MUSCATINE — Walking into Peking, there may be many different things that catch a customer’s eye – from the beautiful red and gold colors to its stunning Chinese décor.
But as of lately, the first thing people may notice when they walk into Peking, are the sheets of protective plastic hanging above the pick-up counter.
“It protects me, and protects the customer,” said Peking owner Shun Yu Chiang, a second generation Chinese immigrant.
With this, she wears gloves each time she hands out a to-go order, and has stocked up on hand sanitizer. All of this is done to keep customers safe while continuing to serve them.
For nearly 44 years, Peking has been part of the Muscatine community, providing both dining in and carry-out. “Everyone knows us already as a local business. I don’t even put ads out because everybody knows us,” Chiang said, “and we’ve always done carry-out.”
While it’s business as usual on the carry-out side, her dining room has been empty since last Tuesday. Like many restaurants, Chiang has been forced to temporarily close her dining room in order to slow the spread of COVID-19. She says that this change has caused her to lose some business, but she is trying to stay open for as long as she can.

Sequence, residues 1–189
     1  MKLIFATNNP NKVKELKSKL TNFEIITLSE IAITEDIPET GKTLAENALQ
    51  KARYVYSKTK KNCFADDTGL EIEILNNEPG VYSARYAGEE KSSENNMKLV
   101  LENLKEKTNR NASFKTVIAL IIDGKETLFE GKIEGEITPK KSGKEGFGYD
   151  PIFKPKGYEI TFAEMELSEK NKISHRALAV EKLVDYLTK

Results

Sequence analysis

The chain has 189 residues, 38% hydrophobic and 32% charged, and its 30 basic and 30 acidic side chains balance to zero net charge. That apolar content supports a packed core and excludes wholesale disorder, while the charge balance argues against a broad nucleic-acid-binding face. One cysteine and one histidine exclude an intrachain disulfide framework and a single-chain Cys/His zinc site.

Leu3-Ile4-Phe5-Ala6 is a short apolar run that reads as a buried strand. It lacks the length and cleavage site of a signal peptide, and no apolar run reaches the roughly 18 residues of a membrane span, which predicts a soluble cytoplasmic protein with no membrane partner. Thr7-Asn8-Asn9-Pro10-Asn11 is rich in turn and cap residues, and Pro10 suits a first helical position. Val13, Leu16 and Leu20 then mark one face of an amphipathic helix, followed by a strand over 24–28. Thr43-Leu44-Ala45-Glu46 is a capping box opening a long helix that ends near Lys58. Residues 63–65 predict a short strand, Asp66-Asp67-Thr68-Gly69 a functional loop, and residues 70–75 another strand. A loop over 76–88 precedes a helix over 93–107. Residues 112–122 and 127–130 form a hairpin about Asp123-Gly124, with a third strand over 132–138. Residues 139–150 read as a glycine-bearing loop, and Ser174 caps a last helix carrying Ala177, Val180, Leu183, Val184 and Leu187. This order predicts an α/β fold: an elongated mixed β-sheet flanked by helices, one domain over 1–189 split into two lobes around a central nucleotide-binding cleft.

“Everything is a question, but we’ll try so hard to keep open,” she said, “Until the government says we have to completely close down, we’ll stay in business serving hot and fresh food to the customers.”
This is Chiang’s and her staff’s main goal – to keep serving “homemade, healthy and fresh” food to her community.
So far, she says her supplier hasn’t had any issues getting ingredients to them, thanks to how long they have worked with them. As for Peking itself, the chefs are still following the strategy of ‘order one, cook one’. “Just come, and we’ll cook fresh.”
This strategy seems to be working so far, and while sales are down, she says they’re doing good business and Peking has plenty of support from their customers. There have been reports of backlash against Chinese restaurants because the coronavirus originated in China.
“We’re never down,” Chiang said, “This is a different situation, not just for me but for everybody, but we’re never down.” Along with wanting to provide homemade food, she adds that she hopes Muscatine’s COVID-19 case numbers stay low, and no one passes away from the disease.
“If you think about how one family business can stay open for 40-some years, that’s an amazing community to be in already,” she said, “They’ve helped us for many years.”
She wants to do continue doing her part to feed and protect her customers. “Go Muscatine!” she added, cheering her city on as it moves toward the end of the second week of the restaurant and bar lockdown.
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